Christina: Yes! Good observation. For that 40 minutes, autism wasn’t something that I had to work at, or understand, or explain, or adjust to, but just appreciate—just enjoy Adam’s keen insights and his skill and success with his stand-up act.  Do you remember that one of the first things I said to you after the show was, “Could YOU do that?!… Please do that!”

Ken: I find that an awkward question. I could not do it the same way as him.

Christina: That will sound cold to some readers! But I know it isn’t to you–it’s neutral, unemotional data.

Ken: I realize how hard it is for you in social situations—and I am grateful that you are there, and not just bolting. You continue to persevere. Of course with Adam, we went to just listen, not dialogue. And that made it easy. Also, listening to another person on the spectrum gave me a message from a different point of view.

Christina: A message?

Ken: Each and every voice from a person impacted by autism is a new and different perspective and adds more to my understanding of autism.

Christina: So Adam’s show helped you understand yourself?

Ken: All information about autism, in its many different incarnation, helps me better understand myself and my place on the autism spectrum.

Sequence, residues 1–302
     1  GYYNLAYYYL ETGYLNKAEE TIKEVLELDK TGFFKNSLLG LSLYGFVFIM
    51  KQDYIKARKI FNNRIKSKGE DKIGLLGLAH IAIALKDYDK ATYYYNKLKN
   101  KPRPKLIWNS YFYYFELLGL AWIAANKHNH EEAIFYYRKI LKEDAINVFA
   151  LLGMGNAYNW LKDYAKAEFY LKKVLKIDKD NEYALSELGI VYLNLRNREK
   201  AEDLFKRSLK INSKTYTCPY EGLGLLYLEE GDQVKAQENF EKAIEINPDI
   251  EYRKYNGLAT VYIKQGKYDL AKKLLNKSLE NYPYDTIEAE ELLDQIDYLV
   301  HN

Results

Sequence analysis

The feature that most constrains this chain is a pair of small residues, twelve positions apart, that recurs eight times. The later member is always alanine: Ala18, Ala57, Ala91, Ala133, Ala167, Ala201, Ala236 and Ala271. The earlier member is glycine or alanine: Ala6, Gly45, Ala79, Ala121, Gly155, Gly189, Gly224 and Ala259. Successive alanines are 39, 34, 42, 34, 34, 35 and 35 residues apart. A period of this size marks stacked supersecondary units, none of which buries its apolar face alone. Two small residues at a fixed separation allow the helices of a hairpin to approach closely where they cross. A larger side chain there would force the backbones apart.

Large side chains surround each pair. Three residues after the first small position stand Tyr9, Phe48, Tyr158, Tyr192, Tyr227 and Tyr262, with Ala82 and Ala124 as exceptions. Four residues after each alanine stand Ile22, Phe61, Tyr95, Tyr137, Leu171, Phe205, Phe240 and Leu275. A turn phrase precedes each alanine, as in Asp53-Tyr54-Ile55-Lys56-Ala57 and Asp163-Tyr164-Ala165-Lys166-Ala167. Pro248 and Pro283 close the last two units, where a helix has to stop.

Christina: What was your biggest response by the end of his show? What feeling or what realization?

Ken: A very positive feeling because there was another person out there advocating and educating.

Christina: Me too. I felt that we were on the same team—him and us.

Ken: Agreed. However, one observation that I have made is that all of us—Adam, Temple Grandin, and the various autism groups we have connected with, are individual voices instead of a community of voices. Separately we’re out there advocating. We’re a bunch of individuals with the same goal—informing and educating others about the autistm spectrum. But we seem to be multiple voices operating individually rather than as a community.

Christina: I see. But “One Voice” isn’t what you’re getting at, I’m sure, right? Everyone does have unique experiences and perspectives…

Ken: Affirmative. There are many communities out there. For example the deaf have a community and a culture of their own. We, as people with autism, don’t seem to have that.

Christina: Right. And what could a community of people who are connected to autism—in any way— achieve that individuals or groups working alone cannot?

Ken: A community could find the middle ground between what seems to be polarized perspectives. We need to find the middle ground between various extreme views and opinions. It is a very complicated and stormy subject, so how do we calm the waters and move forward toward acceptance and understanding? We need to seek the messages that benefit the most people with the most accurate information and the widest possible collection of options. To do that, we need to find the middle ground.

Christina: Yes. We really don’t know much about autism yet. And I have a problem with the idea of polarities: positive and negative takes on autism. For me, for example, I carry both around every day all the time.

Ken: As do I. And within myself, because of that, I have found my middle ground. But my voice alone cannot speak for a community. It is a spectrum. I don’t have the answers, and I don’t think any of us will as long as we keep working alone.

Christina: Right. So, how can this “community” be accomplished, exactly?